En Route: A Career Blog

Maximizing Computer Skills with Specifics

AUTHOR: Darlene Zambruski
CATEGORY: ,
POSTED: October 12, 2010 at 9:08 am

Your Tech Expertise Can Get You HiredAll too often data in resumes is presented quite vaguely, leaving the hiring manager to wonder what the candidate really knows, and what skills s/he actually has. This is especially true in regards to Computer Skills, whether the applicant is an office worker or an IT professional.

For example, an office worker may feel it’s enough to list skills in this manner: Technically proficient in Microsoft Office and other software.

After reading the above, the hiring manager may very well wonder what other software? What part of Microsoft Office – all or only Word & Excel? And what version?

Don’t Leave the Hiring Manager or Recruiter Guessing

When your data raises more questions than it answers, it’s no longer effective. To maximize your information, include specifics. For example, the previous statement should read like this:

Technically proficient in Microsoft Office (Premium 2000), including Word, Excel, Outlook, Publisher, Access, PowerPoint, Front Page, and Photo Draw. Additional expertise in Word Perfect, Quicken, Peachtree Accounting, Lexis-Nexus, and Westlaw.

At a glance, the above provides instant and specific data to a hiring manager.

However, a candidate – especially in the IT field – should go one step further and provide years or months of experience.

In today’s competitive job market, hiring managers demand that information on resumes be well-prioritized and specific. It’s not enough to state that you have proficiency in Microsoft Word. You must state how many months or years of experience you have or your level of expertise, whether it’s beginner, intermediate, or advanced. Hiring managers will not call you in for an interview, nor will they test your skills unless they are first provided this essential data.

Information Technology Does Not Stand Still

The nature of IT is ever-evolving. Therefore, an IT professional should showcase relevant skills as specifically and completely as possible.

This includes organizing technical data into subheadings, which include:

1. Software
2. Hardware
3. Operating Systems
4. Programming Languages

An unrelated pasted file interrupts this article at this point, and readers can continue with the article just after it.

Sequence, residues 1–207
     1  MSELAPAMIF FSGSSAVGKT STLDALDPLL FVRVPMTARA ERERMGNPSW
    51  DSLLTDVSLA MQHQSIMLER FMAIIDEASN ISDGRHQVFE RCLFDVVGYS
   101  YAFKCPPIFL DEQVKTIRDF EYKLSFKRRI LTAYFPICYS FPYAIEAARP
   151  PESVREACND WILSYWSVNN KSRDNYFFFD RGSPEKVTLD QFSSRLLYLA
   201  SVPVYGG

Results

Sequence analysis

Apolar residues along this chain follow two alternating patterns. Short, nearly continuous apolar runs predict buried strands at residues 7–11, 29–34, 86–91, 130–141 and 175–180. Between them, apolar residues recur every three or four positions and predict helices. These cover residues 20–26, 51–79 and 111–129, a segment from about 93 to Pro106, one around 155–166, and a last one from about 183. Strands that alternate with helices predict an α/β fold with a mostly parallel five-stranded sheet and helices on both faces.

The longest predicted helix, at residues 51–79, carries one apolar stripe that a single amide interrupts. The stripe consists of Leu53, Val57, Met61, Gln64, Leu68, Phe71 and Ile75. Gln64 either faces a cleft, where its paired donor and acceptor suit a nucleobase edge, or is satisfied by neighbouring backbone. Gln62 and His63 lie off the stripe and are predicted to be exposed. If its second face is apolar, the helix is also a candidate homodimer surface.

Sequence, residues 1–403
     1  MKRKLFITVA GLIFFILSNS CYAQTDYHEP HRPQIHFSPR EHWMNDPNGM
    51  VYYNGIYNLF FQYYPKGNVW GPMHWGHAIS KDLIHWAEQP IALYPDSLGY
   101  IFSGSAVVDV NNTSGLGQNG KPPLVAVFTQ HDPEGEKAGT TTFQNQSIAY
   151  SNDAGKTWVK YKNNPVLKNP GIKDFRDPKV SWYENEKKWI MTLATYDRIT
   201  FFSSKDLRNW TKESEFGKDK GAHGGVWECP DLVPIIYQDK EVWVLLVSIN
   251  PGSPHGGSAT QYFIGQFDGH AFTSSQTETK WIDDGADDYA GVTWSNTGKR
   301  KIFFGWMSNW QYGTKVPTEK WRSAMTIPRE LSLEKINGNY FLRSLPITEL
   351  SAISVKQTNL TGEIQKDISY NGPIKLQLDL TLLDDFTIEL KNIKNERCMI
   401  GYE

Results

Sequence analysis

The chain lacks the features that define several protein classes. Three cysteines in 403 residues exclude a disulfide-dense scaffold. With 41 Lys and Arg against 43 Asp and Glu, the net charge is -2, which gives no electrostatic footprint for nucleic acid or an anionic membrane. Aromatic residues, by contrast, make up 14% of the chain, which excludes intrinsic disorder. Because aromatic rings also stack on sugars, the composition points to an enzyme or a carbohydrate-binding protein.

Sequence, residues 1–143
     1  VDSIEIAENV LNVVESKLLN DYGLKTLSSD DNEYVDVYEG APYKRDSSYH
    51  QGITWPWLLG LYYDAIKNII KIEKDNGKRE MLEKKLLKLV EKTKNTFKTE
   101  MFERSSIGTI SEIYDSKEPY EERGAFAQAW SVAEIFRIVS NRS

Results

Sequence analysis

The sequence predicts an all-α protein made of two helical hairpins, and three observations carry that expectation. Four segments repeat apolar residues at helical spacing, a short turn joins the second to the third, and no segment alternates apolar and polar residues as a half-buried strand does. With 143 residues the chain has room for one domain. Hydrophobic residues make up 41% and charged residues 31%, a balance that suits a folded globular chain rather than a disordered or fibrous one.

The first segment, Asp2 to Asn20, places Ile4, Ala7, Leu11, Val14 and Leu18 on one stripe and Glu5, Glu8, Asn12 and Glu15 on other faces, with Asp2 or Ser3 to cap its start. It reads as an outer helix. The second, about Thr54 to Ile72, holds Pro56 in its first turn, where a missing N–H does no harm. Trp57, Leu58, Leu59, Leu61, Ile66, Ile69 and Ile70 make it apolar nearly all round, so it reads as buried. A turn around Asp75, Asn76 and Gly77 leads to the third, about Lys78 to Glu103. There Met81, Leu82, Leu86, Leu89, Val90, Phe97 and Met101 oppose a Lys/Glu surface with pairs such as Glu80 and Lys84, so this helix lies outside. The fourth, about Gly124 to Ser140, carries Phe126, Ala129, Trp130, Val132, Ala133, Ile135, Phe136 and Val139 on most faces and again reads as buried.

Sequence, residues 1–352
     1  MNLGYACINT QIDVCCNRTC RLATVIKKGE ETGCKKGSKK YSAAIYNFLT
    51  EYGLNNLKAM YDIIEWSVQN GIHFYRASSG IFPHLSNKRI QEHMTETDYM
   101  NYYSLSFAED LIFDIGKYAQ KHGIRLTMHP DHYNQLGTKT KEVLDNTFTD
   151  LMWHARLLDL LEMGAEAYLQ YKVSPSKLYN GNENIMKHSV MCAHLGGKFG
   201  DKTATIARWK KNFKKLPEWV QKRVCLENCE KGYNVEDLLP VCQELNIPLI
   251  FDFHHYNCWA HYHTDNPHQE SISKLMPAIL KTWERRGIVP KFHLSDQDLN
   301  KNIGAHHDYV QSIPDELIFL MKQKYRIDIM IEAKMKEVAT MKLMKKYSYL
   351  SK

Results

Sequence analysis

5. Software Packages
6. Databases
7. Any other technical proficiencies

One way to present this data would be a simple listing. For example:

Computer Skills

  • LAN Administration: Windows 2000 Server, Windows NT 3.51/4.0, Novell 3.12/4.1.
  • Operating Systems: Windows 2000/NT/XP, Windows 98/95, Macintosh OS.
  • Software: Microsoft SQL, SNA, SMS , Site Server & IIS, CA XCOM, SAS, Microsoft Visual Studio, Source Safe, Cognos Enterprise Server, Lotus Notes, Microsoft Exchange, AS/400-Windows Connectivity Applications, cc:Mail , Multiple Windows Communications Applications.
  • Productivity Software: Microsoft Office Suite including Word, Excel, PowerPoint, Access, Project.
  • Hardware: PCs, Compaq Servers, HP NetServers, IBM NetFinity Servers, AS400 20, SCO Unix OpenServer, Macintosh.
  • Certifications: Candidate for MCDBA, Candidate for CCNA/CCDA, Candidate for MCSE, Microsoft Certified System Administrator, Novell Certified Administrator, Novell Certified Engineer.

An even more effective way to maximize technical data is to provide specific information in an easy-to-read format. For example:

Technical Skills

Databases:

Oracle 8/8i/9i, 4 years
SQL Server 6.5/7.0/2000, 6 years
Microsoft Access, 6 years
MySQL, 6 months

Operating Systems:

UNIX , 4 years
LINUX, 4 years
Windows Operating Systems, 12 years
DOS, 12 years
Macintosh, 4 years

Programming Languages:

ShellScript, 3 years
PL/SQL, 4 years
ASP, 5 years
JAVA/JSP, 1 year
JavaScript, 5 years
DHTML, 3 years

Oracle Utilities:

SQL Navigator, 4 years
TOAD, 2 years
Oracle *Net, 4 years
Import/Export, 3 years
SQL *Loader, 3 years
Enterprise Manager, 3 years
Performance Manager, 2 years

The above example has easily obtainable and understood data that is specific and enhances an applicant’s candidacy.